Learn to read the treble clef

Left Hand Notes on the Bass Staff

This time let’s practice the left hand position. We will still use only three fingers. Starting from the same middle C again, left hand plays:

  • 1st finger (thumb) on C,
  • the 2nd finger plays B
  • and the 3rd finger plays A.

Practice these three notes in the same way as above, up and down, here and there, singing (or saying) the note names.

Here is a little tune using only three notes in the left hand. Keep singing the note names!

Both Hands Together on the Grand Staff

Now, let's practice both hands together.

Both thumbs ( finger 1) are placed on the same note, middle C, the other fingers 2 and 3 in each hand is placed on their keys (D and E in your right hand and B and A in your left).

Remember to keep a rounded hand position, and that all fingertips should rest on a key even when they are not used.

Here is the "middle c" position on the piano with both hands:

And here is a little exercise to practice note reading with both hands.

Observe how the notes move in steps and repeats, up and down.

Sing along the note names, and notice how the notes moving up get a higher pitch (means how high or low the tone is), and the notes moving down get a lower pitch:

-Ready for more? OK. Let’s add one more piano key for finger number 4 in both hands.

  • Finger 4 in your right hand pays treble F,
  • and finger 4 in your left hand plays bass G.

In the following example you will also use half notes. They last for two beats.

This time, count “1” for each quarter note, and hold each half note for 2 beats, while you count 1-2. Play slow and steady and count as you play!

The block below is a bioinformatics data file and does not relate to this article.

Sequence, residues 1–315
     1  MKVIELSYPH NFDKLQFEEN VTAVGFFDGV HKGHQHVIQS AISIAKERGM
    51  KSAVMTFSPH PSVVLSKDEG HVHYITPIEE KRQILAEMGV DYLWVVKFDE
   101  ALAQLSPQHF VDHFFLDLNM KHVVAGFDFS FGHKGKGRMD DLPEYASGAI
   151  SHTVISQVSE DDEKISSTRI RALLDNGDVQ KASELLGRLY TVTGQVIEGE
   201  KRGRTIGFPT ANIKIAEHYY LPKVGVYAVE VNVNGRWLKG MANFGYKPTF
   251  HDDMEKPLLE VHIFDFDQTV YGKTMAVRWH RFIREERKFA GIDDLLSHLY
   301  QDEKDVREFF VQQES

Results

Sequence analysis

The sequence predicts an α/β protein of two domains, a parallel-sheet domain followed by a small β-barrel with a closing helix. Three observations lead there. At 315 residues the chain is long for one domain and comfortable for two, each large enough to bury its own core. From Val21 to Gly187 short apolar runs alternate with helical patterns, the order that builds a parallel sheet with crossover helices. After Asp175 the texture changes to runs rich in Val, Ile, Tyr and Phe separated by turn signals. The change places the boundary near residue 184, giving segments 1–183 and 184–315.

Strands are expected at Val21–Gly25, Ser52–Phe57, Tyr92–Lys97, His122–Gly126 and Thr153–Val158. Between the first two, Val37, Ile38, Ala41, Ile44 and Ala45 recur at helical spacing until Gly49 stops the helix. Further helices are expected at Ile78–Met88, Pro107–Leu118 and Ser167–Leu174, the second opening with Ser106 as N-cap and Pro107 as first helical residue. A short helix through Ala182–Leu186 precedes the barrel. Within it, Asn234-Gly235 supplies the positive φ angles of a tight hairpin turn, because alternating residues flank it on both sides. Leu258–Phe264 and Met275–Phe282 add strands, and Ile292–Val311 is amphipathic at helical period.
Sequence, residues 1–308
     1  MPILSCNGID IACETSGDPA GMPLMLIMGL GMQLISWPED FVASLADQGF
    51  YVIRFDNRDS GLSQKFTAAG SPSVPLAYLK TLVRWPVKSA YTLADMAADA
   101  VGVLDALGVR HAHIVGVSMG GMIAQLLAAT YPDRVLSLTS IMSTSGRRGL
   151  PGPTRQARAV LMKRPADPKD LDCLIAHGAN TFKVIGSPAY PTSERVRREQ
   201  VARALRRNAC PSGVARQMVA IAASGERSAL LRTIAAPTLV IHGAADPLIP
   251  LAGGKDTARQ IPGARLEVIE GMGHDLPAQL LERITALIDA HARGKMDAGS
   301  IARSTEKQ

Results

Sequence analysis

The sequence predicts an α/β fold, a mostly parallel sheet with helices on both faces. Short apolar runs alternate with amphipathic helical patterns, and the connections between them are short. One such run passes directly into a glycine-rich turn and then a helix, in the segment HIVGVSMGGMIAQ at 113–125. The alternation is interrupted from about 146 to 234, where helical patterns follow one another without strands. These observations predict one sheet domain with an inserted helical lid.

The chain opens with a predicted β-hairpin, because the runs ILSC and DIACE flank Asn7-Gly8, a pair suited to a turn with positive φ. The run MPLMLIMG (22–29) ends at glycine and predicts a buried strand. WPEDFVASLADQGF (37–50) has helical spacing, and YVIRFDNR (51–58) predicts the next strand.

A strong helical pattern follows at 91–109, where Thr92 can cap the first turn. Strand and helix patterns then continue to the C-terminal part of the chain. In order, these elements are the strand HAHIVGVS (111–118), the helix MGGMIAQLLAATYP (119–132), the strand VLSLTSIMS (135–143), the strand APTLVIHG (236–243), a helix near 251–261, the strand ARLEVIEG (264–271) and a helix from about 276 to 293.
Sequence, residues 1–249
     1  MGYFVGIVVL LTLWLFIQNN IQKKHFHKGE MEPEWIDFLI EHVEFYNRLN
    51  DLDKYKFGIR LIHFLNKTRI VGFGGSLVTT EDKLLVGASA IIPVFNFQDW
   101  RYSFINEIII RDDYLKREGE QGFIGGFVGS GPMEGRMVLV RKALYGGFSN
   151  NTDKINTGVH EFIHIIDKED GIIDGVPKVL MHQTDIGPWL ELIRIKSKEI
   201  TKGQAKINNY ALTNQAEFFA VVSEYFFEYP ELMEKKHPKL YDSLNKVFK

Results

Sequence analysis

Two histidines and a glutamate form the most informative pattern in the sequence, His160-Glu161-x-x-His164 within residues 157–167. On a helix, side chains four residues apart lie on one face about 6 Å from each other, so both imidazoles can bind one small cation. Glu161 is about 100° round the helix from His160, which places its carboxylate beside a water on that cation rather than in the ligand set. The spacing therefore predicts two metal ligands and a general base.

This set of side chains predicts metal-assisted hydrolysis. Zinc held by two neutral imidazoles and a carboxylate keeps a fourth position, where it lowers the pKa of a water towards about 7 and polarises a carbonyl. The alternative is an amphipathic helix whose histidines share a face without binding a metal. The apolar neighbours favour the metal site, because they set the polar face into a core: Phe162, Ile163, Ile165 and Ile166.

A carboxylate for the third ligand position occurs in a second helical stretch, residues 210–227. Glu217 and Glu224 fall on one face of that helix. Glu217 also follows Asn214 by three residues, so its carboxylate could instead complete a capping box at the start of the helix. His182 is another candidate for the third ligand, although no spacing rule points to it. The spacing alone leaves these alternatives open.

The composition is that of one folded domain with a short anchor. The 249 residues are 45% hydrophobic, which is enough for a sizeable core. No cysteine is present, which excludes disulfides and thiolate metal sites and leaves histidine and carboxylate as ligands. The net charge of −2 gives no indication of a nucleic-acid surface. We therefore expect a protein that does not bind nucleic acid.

-Easy?

-Thought so. Let’s add one more finger, number 5 (pinkie) in both hands.

Observe that each finger 5 is now playing each of the notes that the clefs are also showing us. (See the arrows.)

  • The treble, or G-clef tells us where G is. You play treble G with your right hand finger 5.
  • And the bass, or F-clef where the lower F is. You play bass F with your right hand finger 5.

Here is an exercise using all 5 fingers in both hands.

This example also uses the whole note. The whole note lasts for four beats, count: “1-2-3-4” while you hold that note.

Keep a steady beat. And...sing along the note names.

Up to now, you have read notes moving in steps, and repeats.

This exercise has skips as well. A skip is an interval of a third, skipping one note in between the notes up or down. Watch out for where the skips are!

Remember to sing along the note names as you play, this helps you learn to read piano music easier and faster.


Continue to Learn to Read Piano Music, Part 2.

If you would like an inexpensive piano software program that really does teach you to read notes while playing the piano, click here for my review of eMedia Piano and Keyboard Course.







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› Learn to Read Piano Music